State Farm Tries to Change Engineering Reports to Avoid Paying Katrina Claims

E-mails are all over the news these days. First, there are the missing RNC emails (funny how evidence of criminal activity by Pubs goes missing, ain’t it?), and then there are the ones that aren’t.

Attorneys for homeowners suing State Farm Insurance Cos. after Hurricane Katrina have long accused the insurer of pressuring engineers to alter reports on storm-damaged homes so that policyholders’ claims could be denied.Now, some of these lawyers claim they have evidence to prove their allegation — internal e-mails from an engineering firm that helped State Farm adjust claims after the Aug. 29, 2005, hurricane destroyed thousands of homes on the Mississippi Gulf Coast.

State Farm denies pressuring engineers to change their conclusions, but the e-mails, obtained Tuesday by The Associated Press, indicate the company was threatening to dismiss Raleigh, N.C.-based Forensic Analysis & Engineering Corp. less than two months after Katrina.

Why? Because the engineering company was – and I quote from one of the emails – “‘too emotionally involved’ and were ‘working very hard to find justifications to call it wind damage when the facts only show water induced damage.'” The response?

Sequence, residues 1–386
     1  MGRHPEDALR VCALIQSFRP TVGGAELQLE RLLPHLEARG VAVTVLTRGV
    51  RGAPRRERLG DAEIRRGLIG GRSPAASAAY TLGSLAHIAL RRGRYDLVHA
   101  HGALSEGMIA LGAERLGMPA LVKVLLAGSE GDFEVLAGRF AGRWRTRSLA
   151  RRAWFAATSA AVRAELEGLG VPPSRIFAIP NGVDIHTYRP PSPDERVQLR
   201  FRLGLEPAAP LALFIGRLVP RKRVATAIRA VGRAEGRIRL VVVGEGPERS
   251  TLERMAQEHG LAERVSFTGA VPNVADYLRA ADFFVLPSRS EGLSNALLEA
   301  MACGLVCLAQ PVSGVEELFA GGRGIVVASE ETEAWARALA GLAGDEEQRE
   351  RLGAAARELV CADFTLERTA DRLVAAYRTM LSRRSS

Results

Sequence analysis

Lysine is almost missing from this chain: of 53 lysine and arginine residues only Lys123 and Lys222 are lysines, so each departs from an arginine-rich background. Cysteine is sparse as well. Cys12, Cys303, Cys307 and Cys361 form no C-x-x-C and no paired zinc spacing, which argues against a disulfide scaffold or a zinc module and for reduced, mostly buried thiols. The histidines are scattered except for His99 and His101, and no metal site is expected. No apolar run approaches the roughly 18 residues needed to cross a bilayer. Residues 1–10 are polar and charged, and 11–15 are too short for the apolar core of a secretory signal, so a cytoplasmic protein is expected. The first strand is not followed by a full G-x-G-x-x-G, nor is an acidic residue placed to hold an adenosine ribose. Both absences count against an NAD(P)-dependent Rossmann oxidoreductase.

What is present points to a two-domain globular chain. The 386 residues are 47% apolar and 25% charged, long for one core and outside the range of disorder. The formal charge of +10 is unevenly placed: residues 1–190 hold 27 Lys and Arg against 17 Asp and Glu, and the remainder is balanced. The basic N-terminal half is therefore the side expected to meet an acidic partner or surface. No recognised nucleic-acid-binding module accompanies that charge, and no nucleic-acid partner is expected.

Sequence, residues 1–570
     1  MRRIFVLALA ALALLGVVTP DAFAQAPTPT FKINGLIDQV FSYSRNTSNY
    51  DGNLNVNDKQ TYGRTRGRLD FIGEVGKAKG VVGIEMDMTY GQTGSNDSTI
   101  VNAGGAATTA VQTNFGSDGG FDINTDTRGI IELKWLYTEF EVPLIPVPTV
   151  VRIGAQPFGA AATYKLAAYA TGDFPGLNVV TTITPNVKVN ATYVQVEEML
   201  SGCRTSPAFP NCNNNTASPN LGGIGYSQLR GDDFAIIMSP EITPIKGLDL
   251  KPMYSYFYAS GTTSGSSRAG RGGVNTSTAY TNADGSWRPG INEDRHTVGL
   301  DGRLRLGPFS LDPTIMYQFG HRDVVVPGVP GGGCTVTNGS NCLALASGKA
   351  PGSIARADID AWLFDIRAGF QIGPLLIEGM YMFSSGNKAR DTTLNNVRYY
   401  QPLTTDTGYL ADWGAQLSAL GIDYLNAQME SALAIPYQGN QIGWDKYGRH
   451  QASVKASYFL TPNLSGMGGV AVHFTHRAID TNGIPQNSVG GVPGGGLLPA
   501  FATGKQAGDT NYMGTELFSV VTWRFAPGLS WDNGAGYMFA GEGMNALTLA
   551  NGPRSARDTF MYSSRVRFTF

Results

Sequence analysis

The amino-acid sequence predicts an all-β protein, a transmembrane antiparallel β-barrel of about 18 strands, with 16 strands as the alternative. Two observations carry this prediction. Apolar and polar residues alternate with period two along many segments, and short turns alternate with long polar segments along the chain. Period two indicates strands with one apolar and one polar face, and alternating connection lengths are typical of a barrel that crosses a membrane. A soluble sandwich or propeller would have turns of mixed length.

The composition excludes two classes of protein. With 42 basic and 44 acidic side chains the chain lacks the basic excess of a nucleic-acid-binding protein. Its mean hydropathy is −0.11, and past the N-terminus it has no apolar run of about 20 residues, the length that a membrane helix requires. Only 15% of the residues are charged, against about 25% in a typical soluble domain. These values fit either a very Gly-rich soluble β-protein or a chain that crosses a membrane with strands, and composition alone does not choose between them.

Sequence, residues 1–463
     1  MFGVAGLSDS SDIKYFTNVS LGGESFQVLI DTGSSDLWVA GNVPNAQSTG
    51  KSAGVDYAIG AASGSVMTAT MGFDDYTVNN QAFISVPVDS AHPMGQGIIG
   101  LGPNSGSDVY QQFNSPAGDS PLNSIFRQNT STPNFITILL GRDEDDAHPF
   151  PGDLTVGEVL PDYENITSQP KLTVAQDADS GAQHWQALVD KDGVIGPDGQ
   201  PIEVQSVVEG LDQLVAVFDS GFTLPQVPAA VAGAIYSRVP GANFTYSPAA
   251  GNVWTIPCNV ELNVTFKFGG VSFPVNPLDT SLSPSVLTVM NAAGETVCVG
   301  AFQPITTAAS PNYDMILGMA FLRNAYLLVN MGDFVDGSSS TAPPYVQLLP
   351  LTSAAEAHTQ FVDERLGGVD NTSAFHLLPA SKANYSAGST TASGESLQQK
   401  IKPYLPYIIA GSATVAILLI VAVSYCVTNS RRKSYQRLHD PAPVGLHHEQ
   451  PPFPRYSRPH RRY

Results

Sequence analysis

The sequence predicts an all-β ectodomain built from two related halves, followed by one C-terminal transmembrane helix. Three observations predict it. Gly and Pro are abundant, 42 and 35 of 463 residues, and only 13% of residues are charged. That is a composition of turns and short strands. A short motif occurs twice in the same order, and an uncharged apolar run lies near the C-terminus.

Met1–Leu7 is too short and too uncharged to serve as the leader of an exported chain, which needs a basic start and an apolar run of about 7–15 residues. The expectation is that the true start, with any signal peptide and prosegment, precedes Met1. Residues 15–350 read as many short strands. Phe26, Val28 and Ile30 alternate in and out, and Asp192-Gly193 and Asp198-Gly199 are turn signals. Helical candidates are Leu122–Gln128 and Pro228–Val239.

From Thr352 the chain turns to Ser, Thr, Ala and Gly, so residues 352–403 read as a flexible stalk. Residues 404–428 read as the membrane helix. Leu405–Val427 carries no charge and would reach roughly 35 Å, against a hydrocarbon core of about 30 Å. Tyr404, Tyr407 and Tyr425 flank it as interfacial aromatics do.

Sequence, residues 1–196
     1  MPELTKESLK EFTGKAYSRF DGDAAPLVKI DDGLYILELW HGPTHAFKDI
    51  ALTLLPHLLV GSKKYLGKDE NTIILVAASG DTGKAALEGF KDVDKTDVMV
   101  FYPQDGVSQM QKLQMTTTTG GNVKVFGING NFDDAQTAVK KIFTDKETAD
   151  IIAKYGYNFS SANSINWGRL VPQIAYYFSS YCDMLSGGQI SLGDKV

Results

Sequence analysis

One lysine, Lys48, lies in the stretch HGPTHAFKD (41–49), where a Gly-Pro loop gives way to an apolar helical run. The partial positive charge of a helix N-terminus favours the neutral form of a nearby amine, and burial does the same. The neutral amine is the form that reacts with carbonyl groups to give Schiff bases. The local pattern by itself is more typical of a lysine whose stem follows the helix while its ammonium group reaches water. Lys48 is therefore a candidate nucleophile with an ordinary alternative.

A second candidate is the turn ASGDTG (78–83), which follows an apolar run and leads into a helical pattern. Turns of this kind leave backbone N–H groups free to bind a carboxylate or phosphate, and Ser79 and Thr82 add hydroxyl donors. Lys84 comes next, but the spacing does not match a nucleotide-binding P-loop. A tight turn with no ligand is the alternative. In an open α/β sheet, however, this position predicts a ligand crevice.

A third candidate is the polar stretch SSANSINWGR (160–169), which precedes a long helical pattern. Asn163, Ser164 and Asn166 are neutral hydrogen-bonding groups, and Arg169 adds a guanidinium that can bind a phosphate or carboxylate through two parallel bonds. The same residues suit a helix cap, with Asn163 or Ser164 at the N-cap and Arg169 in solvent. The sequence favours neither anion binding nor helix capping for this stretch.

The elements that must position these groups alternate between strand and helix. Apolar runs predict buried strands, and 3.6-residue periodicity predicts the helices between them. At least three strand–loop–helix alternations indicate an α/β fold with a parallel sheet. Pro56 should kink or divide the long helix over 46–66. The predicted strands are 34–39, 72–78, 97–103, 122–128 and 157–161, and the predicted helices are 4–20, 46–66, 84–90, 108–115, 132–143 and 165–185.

In a reply dated Oct. 18, 2005, Down [Randy Down, the firm’s vice president of engineering services] questioned the insurer’s motivations and questioned if there was an ethical problem with State Farm telling the firm what to put in reports. He also suggested that on another occasion, State Farm asked the firm to remove information from a report because “they would then have to settle.”

Oops. Your slip is showing there, State Farm.

Down added in a later email: “I really question the ethics of someone who wants to fire us simply because our conclusions don’t match hers.”

Randy, what your conclusions didn’t match was State Farm’s determination to cheat its clients out of their claims.

So what do we have here? Two of the nation’s largest homeowners’ insurance companies moving heaven and earth to make sure they don’t have to pay off. Allstate is using intimidation and State Farm is cooking the engineering reports. Sweet.

Mississippi Attorney General Jim Hood, who is overseeing a criminal investigation of  insurance company behavior after Katrina, wasn’t impressed by State Farm’s denials of wrong-doing.

 “It is a document that clearly shows State Farm used engineers and coerced engineers to write a report like they wanted,” Hood said.

Tell me again that the insurance industry doesn’t need to be regulated and watched like a hawk.

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